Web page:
On the divisive issue of guns, differences between red and blue weren’t always so black and white

On the divisive issue of guns, differences between red and blue weren’t always so black and white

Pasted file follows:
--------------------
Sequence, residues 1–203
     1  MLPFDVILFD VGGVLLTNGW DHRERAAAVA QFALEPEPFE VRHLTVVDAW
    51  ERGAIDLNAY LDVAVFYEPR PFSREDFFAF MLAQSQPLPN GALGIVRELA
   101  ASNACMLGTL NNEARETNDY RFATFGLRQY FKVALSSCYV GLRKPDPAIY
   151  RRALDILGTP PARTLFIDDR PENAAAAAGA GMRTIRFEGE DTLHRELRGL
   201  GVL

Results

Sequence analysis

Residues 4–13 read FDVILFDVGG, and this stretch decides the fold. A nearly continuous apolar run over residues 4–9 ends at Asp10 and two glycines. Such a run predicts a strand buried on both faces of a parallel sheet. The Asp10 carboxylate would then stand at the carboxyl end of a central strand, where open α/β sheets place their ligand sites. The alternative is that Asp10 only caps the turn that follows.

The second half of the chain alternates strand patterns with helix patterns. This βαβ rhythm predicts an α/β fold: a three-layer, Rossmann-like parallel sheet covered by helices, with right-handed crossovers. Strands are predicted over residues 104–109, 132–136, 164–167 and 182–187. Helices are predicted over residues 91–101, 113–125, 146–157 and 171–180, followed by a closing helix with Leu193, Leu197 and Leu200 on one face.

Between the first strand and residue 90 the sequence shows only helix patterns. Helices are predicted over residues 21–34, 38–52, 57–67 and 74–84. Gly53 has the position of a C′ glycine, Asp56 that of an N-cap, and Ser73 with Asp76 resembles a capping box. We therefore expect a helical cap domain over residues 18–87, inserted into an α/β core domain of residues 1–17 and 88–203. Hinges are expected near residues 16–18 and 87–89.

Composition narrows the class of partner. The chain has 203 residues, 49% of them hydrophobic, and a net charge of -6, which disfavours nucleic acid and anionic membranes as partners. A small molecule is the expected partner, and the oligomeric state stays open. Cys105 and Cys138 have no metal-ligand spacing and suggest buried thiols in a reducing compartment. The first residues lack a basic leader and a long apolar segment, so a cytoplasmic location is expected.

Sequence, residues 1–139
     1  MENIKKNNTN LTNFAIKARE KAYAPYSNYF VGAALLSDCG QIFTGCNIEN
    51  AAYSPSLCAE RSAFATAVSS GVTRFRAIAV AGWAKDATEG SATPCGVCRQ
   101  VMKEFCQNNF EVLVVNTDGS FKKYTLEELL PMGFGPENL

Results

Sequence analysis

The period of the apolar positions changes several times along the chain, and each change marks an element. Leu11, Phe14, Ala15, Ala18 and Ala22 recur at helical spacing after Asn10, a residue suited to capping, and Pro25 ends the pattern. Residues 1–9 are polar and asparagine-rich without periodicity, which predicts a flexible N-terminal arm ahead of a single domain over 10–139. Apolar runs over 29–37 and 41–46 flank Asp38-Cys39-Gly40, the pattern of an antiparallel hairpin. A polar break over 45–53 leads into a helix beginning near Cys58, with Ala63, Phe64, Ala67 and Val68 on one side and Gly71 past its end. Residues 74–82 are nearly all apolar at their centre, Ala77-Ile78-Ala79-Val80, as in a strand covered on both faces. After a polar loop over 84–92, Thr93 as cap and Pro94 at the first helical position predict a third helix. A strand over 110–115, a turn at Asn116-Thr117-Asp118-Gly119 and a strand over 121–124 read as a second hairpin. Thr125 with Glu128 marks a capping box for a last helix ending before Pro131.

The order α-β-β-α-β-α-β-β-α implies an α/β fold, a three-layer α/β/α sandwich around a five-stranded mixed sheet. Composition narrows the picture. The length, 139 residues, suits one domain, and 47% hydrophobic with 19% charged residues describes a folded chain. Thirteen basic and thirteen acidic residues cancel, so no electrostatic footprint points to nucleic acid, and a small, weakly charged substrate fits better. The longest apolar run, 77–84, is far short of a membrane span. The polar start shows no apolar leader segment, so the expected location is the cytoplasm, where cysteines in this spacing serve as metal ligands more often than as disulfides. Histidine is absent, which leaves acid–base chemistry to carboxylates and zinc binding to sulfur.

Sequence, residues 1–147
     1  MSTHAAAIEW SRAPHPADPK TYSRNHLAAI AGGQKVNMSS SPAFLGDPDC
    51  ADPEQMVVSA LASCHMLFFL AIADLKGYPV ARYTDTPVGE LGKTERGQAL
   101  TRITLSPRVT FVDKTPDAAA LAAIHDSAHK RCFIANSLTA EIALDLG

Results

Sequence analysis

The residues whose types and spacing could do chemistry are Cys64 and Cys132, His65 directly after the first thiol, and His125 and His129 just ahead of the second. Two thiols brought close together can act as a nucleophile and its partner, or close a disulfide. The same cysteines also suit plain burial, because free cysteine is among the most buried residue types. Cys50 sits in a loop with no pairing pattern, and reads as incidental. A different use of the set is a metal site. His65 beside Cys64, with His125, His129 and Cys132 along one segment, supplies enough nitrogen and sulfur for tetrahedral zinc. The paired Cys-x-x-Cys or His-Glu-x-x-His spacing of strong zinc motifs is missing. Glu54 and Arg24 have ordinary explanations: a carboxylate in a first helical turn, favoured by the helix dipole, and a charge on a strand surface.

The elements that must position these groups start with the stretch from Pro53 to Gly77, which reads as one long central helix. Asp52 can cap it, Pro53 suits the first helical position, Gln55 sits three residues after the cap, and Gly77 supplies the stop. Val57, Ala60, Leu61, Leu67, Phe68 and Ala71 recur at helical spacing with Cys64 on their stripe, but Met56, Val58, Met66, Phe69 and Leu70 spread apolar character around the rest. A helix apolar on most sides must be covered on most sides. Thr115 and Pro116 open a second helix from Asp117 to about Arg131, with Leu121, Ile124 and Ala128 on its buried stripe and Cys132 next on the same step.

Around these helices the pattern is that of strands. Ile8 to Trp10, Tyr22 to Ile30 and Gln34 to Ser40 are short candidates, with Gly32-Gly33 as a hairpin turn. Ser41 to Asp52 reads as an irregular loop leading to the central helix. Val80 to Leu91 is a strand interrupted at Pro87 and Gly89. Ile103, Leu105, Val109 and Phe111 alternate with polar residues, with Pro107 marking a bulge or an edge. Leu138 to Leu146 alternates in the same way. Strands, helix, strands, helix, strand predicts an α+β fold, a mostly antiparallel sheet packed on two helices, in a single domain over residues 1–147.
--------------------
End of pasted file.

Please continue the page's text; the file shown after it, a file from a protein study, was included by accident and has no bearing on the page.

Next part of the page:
No one who hasn’t lived as a hermit in a cave in Borneo the past few decades can profess ignorance of the potent role the implacable dispute over gun rights vs. gun control plays in today’s politics. If you’re a Republican, you can’t love unfettered rights to own and use firearms enough. It’s a sine qua non for GOP voters who won’t abide even minimal squishiness on gun rights from their candidates. To appreciate its power, consider a campaign mailer that Winsome Sears, the party’s lieutenant governor nominee, sent out before the May 8 state GOP convention depicting her in a business suit holding a military-style rifle in front of a modest recreational vehicle. Democrats are just as strident in their opposition to the National Rifle Association and in their support for restricting gun sales and ownership. The party’s gubernatorial nominee, former Gov. Terry McAuliffe, boasts of the F grades the NRA gives him. When Democrats took control of the General Assembly in 2020, they acted quickly to pass several gun-control measures that had died each year when the Republicans ruled the House and Senate, including mandatory universal background checks for gun purchases. The legislation prompted a protest by thousands of gun-rights supporters in early January of that year on and surrounding the state Capitol grounds. After the bills became law, many Virginia localities declared themselves “Second Amendment sanctuaries” in which some sheriffs and police refused to enforce the new regulations. It is an issue with no middle ground. […]

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